Fast-Acting Antidepressant Eases Depression in Hours—Not Weeks
So let's say you're really depressed and haven't been able to pull yourself out of your misery. You somehow find the energy to see a doctor and she gives you a prescription for an antidepressant. Then you find out the drug will take about four to six weeks to work, if it works at all.
Depression is a wicked condition that weighs heavy on the lives of millions of Americans—about one in ten, in fact. Antidepressants help, as do and other forms of therapy—such as "talk" therapies (e.g., counseling, psychotherapy). But the problem is time. People who are depressed need help now, not two months from now.
In other words, what the world could really use is a drug that eases depression quickly. Thankfully, that's one of the most interesting areas of research in mental-healthcare. Scientists say that in the not-too-distant future they'll be able to develop a so-called "fast-acting" antidepressant that works in a matter of days, not weeks or months.
Two existing drugs—ketamine and scopolamine—have become the major focus of research efforts at the National Institute of Mental Health (NIMH). In addition to the delay in seeing benefits from most antidepressants, "it's not unusual for someone to need a combination of therapies," before experiencing relief from the worst of their symptoms, Maura Furey, a scientist at the NIMH, told TakePart.
A major study on the effectiveness of antidepressants found that only about 30 percent of people saw their symptoms dissipate after an average of seven weeks on their first antidepressant. Many others continue dealing with the effects of depression four to six months after beginning treatment. "[Finding] something that could work overnight or in a few days would have a potentially huge impact," she says.
Scientists discovered the drug ketamine could snap some people with major depression out of their illness in a matter of hours.
The idea of a fast-acting antidepressant first emerged more than a decade ago when scientists discovered the drug ketamine could snap some depressed people out of their illness in a matter of hours. Ketamine is an anesthetic, mostly used in animals, that targets receptors in the brain known as NDMA.
However, the drug is not currently fit for therapeutic use in people. It causes hallucinations, disorientation, and amnesia. Researchers have since tried to create a drug like ketamine but without the side effects. A study published last year in the journal Science examined a ketamine-like drug called AZD6765 and found that 18 percent of people who took the medication had a full remission of their depression, lasting two days, compared to ten percent of those taking a placebo.
Furey says that scopolamine—best known as a motion sickness treatment—may have more potential as a fast-acting antidepressant. In 2006, Furey and her colleagues discovered its anti-depressive benefits. Unlike ketamine, scopolamine works through the brain's acetylcholine chemical messenger system, which plays a role in memory and how information is processed. The NIMH team's research showed that by blocking receptors for acetylcholine on neurons, scopolamine could lift depression in many patients within a few days.
"One important thing," notes Furey, "is that it doesn't work for everybody. But when it works, it works very quickly." Scopolamine has some side effects, like drowsiness and dry mouth. Moreover, there’s some negative Internet buzz about the drug. The side effects of scopolamine aren't bad, Furey says, "but it doesn't have a great reputation. There are some people who claim it has been used in date-rape type of stuff, which I haven't seen. It makes people a little bit nervous, which I understand."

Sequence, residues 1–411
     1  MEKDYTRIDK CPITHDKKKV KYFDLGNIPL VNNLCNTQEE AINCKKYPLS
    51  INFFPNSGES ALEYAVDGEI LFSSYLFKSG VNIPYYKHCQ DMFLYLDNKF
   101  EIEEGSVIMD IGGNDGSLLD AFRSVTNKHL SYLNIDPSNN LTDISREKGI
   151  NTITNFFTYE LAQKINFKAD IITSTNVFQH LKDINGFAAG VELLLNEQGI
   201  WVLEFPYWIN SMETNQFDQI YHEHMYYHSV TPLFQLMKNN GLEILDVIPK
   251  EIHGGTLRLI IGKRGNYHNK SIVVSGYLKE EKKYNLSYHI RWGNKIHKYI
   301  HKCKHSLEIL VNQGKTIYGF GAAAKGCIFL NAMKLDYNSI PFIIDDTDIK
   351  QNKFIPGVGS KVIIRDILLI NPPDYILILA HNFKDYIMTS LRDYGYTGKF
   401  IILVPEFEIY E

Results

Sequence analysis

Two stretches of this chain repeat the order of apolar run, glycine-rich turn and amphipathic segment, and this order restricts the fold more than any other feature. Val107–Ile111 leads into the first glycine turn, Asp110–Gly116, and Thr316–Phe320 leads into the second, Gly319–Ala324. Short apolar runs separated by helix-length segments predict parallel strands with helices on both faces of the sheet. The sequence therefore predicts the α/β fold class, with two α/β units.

There are also questions about how scopolamine, or any fast-acting antidepressant, would be used in the real world. If the drug works within a day or so, how long would therapy need to last? What are the chances that the depression would return after the medication is stopped? "We don't know how feasible it is to use these medications to treat people," Furey says. "How do we design a treatment protocol to work long-term? That has not been evaluated yet."
Still, the research so far is illuminating some fascinating things about the nature of depression. For example, depressed patients have a well-known tendency to process and remember negative emotions. The researchers suggest this tendency emerges from dysfunction in the acetylcholine system of the brain in some patients. In a recent study, Furey and her colleagues found that a boost of activity in the brain occurring when the brain is processing emotional information predicted who would respond to scopolamine.
This brain-activity test could be used to predict how people will respond to depression treatments, Furey says.
The study also suggests that researchers should consider designing antidepressants that work on the acetylcholinergic system of the brain. Modern antidepressants work on the serotonin or norephinephrine systems of the brain.
It may take at least five more years for a fast-acting antidepressant to reach the marketplace, but in the meantime, some people are using scopolamine off-label—something that is not advisable, Furey says. "We're not encouraging people to use it on their own," she stresses. "People call me telling me they are using it. And some physicians are prescribing it off-label. But I think that makes most physicians uncomfortable."
Would you try a fast-acting antidepressant? Have you had success with existing antidepressant? Did you need to wait to see benefits and/or adjust your dosage or try other drugs?
Shari Roan is an award-winning health writer based in Southern California. She is the author of three books on health and science subjects.